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Gary Hoey

Neon Highway Blues

Review by Gary Hill

This new album from guitar hero Gary Hoey, as the title suggests, is a bluesy one. Not everything here is set in the blues, but most of it is. There are some guests on some of the tunes, trading riffs with the main man himself. There is a good balance between instrumentals and vocal tracks and modern and old-school flavors. Personally, I think it is just a little inconsistent, but it's quite strong nonetheless.

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Track by Track Review
Under The Rug


(feat. Eric Gales)

A smoking hot blues rocker, this is a great way to start the set in style. It's a modern version of the blues and has some incendiary guitar soloing later on in the track. I love how the guitar soloing alternates between guitar-god styled stuff and more traditional blues styles.

Mercy Of Love
(feat. Josh Smith)

Here we get a much more old-school, traditional blues jam. The guitar soloing on this focuses more tightly around the classic blues styles. That said, it still gets into some powerhouse stuff.

Your Kind Of Love
When you talk about old-school blues, this one is even more tied to that genre. The slide guitar is on fire, and the whole thing oozes cool.
Don't Come Crying
(feat. Ian Hoey)

The old school blues meets modern edge on this is so cool. Ian Hoey (Gary Hoey's 17-year-old son) trades riffs with his dad on this number.

Still Believe In Love
We're into some serious old school blues with this up-tempo number. The organ brings some real retro flavoring, but the whole piece really has it even without that. I love the powerhouse guitar soloing on this beast.
Almost Heaven
More of a modern sound is on hand here. This still has some of the blues element, but overall is more of a soaring, fairly modern rock based number. It's a cool instrumental.
I Felt Alive
The guitar sound that starts this is very metallic. They fire out from there into a scorching hot riff-driven rocker that has a real metal edge to it. Sure, there is still some blues at the core, but overall this is much more of a modern metal tune. It drops to just the rhythm section and a guitar fill comes over the top before the vocals join. I love the expressive guitar soloing on this tune. As it approaches the five-minute mark it hits a crescendo and drops away. Piano rises up from there and the guitar solos a bit over the top of that until the end of the piece.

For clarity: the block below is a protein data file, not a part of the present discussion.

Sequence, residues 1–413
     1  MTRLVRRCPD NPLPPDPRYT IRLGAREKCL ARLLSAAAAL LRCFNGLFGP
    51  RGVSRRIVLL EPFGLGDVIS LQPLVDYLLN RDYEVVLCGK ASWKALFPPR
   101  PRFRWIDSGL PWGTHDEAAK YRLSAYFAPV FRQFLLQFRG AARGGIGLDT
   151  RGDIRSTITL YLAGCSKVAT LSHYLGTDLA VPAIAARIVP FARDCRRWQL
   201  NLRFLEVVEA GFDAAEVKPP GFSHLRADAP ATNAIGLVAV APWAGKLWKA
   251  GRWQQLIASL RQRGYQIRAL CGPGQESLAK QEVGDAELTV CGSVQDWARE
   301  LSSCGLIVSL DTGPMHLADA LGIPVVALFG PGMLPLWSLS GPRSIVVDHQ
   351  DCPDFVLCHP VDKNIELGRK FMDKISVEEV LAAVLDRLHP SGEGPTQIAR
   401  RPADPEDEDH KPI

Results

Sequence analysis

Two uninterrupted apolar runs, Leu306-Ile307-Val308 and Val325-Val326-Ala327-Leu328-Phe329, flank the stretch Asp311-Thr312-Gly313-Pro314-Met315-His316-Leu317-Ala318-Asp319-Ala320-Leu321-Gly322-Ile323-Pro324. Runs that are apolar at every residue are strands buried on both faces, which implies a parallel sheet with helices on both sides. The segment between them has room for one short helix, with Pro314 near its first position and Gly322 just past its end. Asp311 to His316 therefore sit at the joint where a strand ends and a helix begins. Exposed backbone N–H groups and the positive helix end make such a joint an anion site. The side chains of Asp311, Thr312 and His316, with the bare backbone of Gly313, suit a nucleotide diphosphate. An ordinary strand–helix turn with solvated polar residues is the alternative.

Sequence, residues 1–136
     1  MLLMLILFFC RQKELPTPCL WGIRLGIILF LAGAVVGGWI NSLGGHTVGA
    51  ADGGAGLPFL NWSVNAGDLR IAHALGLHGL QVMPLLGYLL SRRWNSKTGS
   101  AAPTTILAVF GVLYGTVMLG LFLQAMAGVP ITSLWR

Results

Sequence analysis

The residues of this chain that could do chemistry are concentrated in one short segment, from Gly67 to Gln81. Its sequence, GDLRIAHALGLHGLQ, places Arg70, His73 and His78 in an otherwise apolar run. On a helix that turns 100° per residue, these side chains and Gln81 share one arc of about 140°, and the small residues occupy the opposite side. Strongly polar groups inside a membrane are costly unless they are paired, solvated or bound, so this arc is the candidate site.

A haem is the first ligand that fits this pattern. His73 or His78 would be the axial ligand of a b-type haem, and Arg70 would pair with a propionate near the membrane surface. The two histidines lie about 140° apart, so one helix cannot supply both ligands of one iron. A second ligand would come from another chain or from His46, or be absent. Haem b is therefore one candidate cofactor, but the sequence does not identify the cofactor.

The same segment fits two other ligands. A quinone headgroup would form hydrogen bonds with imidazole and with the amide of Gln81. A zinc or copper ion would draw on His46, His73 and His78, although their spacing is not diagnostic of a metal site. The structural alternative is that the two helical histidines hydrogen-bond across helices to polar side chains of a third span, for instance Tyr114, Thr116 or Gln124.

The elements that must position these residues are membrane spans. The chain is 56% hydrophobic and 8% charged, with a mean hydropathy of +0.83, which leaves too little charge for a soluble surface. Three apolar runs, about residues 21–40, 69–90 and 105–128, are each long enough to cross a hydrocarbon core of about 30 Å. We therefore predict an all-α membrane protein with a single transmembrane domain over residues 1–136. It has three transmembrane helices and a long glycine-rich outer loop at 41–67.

Waiting on the Sun
A mellow texture that has more of a classic rock vibe to it brings this into being. This instrumental covers a lot of musical territory. It even leans a bit toward progressive rock. There are also some parts of it that make me think of metal just a little.
Damned If I Do
(feat. Lance Lopez)
A hard rocking tune, there is a lot of blues built into this. It has a cool rock grind, but the slide guitar brings the old-school blues big time. This is another with a bit of a  metal edge to it at times. The guitar soloing, though, brings the blues with a passion and a fire.
Living The Highlife
A bit more on the traditional blues side, this is a solid rocker. It has a bit more of an edgy sound than traditional blues. I wouldn't consider it a standout, but it is strong.
Neon Highway Blues

The closing instrumental track is a bit mellower. It has classic blues at its heart in some ways, along with some hints of country. That said, the overall vibe is sort of a dreamy mellow psychedelic rock one. It's a cool tune, but I'm not sure the wisdom of ending the set with it.

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